Languages of Afghanistan

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Languages of Afghanistan
Ethnolinguistic Groups Afghanistan EN.svg
OfficialPersian and Pashto[1]
RegionalPersian, Pashto, Uzbek, Turkmen, Balochi, Pashayi
SignedAfghan Sign Language
Map of Languages (in Districts) in Afghanistan.jpg

Afghanistan is a multilingual country in which two languages – Persian and Pashto – are both official and most widely spoken.[1]

Dari is the official name of the Persian language in Afghanistan. It is often referred to as the Afghan Persian.[2][3] Although still widely known as Farsi ("Persian") to its native speakers, the name was officially changed to Dari in 1964.[4]

Both Persian and Pashto are Indo-European languages from the Iranian languages sub-family. Other regional languages, such as Uzbek, Turkmen, Balochi, Pashayi and Nuristani, are spoken by minority groups across the country.

Minor languages include Hindi-Urdu,[5][6] Punjabi,[7] Ashkunu, Kamkata-viri, Vasi-vari, Tregami and Kalasha-ala, Pamiri (Shughni, Munji, Ishkashimi and Wakhi), Brahui, Arabic, Qizilbash, Aimaq, and Pashai and Kyrgyz. Linguist Harald Haarmann believes that Afghanistan is home to more than 40 minor languages,[8] with around 200 different dialects.

Overview[edit]

Languages of Afghanistan[9]
Dari
77%
Pashto
48%
Uzbek
11%
English
6%
Turkmen
3%
Urdu
3%
Arabic
1%

The Dari language functions as the nation's lingua franca and is the native tongue of various Afghan ethnic groups including the Tajiks, Hazaras, and Aimaks.[10] Pashto is the native tongue of the Pashtuns, the dominant ethnic group in Afghanistan.[11] Due to Afghanistan's multi-ethnic character, multilingualism is a common phenomenon.

Afghan school textbooks written in Pashto language[12]

The exact figures about the size and composition of the various ethnolinguistic groups are unavailable since no systematic census has been held in Afghanistan in decades.[13] The table below displays the major languages spoken in Afghanistan:

Spoken Languages in Afghanistan
Language 2006 (as L1)
(out of 6,226)[14]
2006 (as L2)
(out of 6,226)[14]
2013
(out of 9,260)[15]
2018
(out of 13,943)[9]
Dari 49% 37% 79% 77%
Pashto 40% 28% 51% 48%
Uzbek 9% 6% 9% 11%
Turkmen 2% 3% 3% 3%
Balochi 0% 0% 1% 1%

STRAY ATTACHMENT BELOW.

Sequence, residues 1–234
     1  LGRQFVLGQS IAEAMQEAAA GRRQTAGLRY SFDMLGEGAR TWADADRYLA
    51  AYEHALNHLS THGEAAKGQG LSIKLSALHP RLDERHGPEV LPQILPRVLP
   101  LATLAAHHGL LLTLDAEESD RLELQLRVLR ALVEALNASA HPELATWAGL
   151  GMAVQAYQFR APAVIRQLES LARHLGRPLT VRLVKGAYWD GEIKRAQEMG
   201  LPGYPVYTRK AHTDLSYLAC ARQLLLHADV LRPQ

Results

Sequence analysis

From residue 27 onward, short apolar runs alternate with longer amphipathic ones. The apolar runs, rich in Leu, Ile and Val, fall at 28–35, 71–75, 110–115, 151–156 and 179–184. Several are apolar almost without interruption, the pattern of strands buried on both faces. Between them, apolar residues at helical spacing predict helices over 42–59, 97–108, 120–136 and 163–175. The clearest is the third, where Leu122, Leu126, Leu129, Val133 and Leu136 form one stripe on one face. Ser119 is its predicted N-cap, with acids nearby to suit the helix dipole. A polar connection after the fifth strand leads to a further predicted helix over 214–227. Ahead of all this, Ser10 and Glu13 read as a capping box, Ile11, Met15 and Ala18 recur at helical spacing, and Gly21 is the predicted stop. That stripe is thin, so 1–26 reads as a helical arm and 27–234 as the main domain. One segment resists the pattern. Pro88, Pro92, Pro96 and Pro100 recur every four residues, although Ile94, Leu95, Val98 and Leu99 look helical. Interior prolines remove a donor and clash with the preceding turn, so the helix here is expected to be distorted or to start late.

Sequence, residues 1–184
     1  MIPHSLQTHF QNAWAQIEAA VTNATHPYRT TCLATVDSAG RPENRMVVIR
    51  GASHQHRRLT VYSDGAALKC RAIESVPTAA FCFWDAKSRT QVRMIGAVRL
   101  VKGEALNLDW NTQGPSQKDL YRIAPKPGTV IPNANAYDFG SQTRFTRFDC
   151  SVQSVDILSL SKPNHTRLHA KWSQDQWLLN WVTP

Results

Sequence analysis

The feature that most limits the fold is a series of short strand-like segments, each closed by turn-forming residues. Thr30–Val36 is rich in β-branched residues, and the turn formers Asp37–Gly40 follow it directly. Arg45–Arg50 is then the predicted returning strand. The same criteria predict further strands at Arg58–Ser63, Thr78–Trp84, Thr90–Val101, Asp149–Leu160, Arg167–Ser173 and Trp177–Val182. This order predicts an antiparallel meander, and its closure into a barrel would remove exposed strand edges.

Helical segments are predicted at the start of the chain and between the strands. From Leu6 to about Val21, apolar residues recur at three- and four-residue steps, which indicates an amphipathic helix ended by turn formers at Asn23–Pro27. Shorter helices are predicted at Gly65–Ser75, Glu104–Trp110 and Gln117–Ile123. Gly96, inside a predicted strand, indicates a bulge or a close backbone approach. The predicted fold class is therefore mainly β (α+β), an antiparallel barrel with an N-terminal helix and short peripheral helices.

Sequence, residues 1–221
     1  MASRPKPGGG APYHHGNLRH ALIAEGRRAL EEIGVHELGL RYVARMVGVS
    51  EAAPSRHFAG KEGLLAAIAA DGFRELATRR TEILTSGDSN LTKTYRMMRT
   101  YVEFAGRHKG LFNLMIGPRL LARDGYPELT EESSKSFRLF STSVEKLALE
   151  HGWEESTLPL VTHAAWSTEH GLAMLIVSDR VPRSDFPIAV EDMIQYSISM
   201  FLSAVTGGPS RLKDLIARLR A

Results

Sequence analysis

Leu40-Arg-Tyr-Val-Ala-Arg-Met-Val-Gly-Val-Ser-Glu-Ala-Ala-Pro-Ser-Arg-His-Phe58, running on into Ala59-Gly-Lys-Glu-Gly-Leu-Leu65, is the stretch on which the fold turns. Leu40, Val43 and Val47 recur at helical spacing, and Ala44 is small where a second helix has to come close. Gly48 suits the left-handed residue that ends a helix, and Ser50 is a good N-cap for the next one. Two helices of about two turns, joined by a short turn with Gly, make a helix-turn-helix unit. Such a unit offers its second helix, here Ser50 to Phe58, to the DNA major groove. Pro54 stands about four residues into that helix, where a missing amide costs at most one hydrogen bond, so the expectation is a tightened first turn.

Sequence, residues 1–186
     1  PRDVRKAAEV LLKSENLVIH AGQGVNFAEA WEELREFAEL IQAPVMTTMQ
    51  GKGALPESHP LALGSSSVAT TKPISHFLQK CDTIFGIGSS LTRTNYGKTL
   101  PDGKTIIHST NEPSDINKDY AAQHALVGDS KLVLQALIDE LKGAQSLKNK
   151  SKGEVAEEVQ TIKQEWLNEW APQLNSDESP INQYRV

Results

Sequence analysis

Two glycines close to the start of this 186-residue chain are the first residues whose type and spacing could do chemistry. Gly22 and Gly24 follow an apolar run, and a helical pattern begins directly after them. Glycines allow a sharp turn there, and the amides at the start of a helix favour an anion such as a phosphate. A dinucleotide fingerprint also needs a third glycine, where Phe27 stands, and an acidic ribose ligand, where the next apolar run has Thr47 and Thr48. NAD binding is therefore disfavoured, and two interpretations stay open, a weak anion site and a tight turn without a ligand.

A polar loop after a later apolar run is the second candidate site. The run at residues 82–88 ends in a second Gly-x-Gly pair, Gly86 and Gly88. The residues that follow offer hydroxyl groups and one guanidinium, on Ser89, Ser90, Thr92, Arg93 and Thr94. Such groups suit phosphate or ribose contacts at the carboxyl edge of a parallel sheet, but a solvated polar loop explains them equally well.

Pashayi 0% 1% 1% 1%
Nuristani N/A N/A 1% 1%
Arabic 0% 2% 1% 1%
English 0% 8% 5% 6%
Urdu 0% 7% 2% 3%

A sizeable population in Afghanistan, especially in Kabul, can also speak and understand Hindi-Urdu due to the popularity and influence of Bollywood films and songs in the region.[5][6]

Language policy[edit]

The official languages of the country are Dari and Pashto, as established by the 1964 Constitution of Afghanistan. Dari is the most widely spoken language of Afghanistan's official languages and acts as a lingua franca for the country. In 1980, other regional languages were granted official status in the regions where they are the language of the majority.[16] This policy was codified in the 2004 Afghan Constitution, which established Uzbek, Turkmen, Balochi, Pashayi, Nuristani and Pamiri as a third official language in areas where they are spoken by a majority of the population.[1]

See also[edit]

References[edit]

  1. ^ a b c "What Languages are Spoken in Afghanistan?". 2004. Retrieved June 13, 2012. Pashto and Dari are the official languages of the state. are – in addition to Pashto and Dari – the third official language in areas where the majority speaks them
  2. ^ "Documentation for ISO 639 identifier: prs". Sil.org. 18 January 2010. Retrieved December 5, 2014.
  3. ^ "The World Factbook: Afghanistan". Cia.gov. Retrieved December 5, 2014.
  4. ^ R. Farhadi and J. R. Perry, Kaboli, Encyclopaedia Iranica, Online Edition, originally in Vol. XV, Fasc. 3, pp. 276–280, 2009.
  5. ^ a b Hakala, Walter N. (2012). "Languages as a Key to Understanding Afghanistan's Cultures" (PDF). National Geographic. Retrieved 13 March 2018. In the 1980s and '90s, at least three million Afghans--mostly Pashtun--fled to Pakistan, where a substantial number spent several years being exposed to Hindi- and Urdu-language media, especially Bollywood films and songs, and beng educated in Urdu-language schools, both of which contributed to the decline of Dari, even among urban Pashtuns.
  6. ^ a b Krishnamurthy, Rajeshwari (28 June 2013). "Kabul Diary: Discovering the Indian connection". Gateway House: Indian Council on Global Relations. Retrieved 13 March 2018. Most Afghans in Kabul understand and/or speak Hindi, thanks to the popularity of Indian cinema in the country.
  7. ^ Wahab, Shaista; Youngerman, Barry (2007). A Brief History of Afghanistan. Infobase Publishing. p. 18. ISBN 9781438108193. Afghan Hindus and Sikhs speak Hindi or Punjabi in addition to Dari and Pashto.
  8. ^ Harald Haarmann: Sprachen-Almanach – Zahlen und Fakten zu allen Sprachen der Welt. Campus-Verl., Frankfurt/Main 2002, ISBN 3-593-36572-3, S.273–274; Afghanistan
  9. ^ a b The Asia Foundation. Afghanistan in 2018: A Survey of the Afghan People.
  10. ^ "Languages of Afghanistan". Encyclopædia Britannica.
  11. ^ "Ethnic groups". BBC News. Retrieved 7 June 2013. Pashtun: Estimated to be in excess of 45% of the population, the Pashtuns have been the most dominant ethnic group in Afghanistan.
  12. ^ "Textbooks, Afghan Ministry of Education".
  13. ^ O'toole, Pam (October 6, 2004). "Afghan poll's ethnic battleground". BBC News. Retrieved 2010-09-16.
  14. ^ a b The Asia Foundation. Afghanistan in 2006: A Survey of the Afghan People.
  15. ^ The Asia Foundation. Afghanistan in 2013: A Survey of the Afghan People.
  16. ^ "AFGHANISTAN v. Languages". Ch. M. Kieffer. Encyclopædia Iranica. Retrieved 2012-04-08. A. Official languages. Paṧtō (1) is the native tongue of 50 to 55 percent of Afghans... Persian (2) is the language most spoken in Afghanistan. The native tongue of twenty five percent of the population, it is split into numerous dialects.

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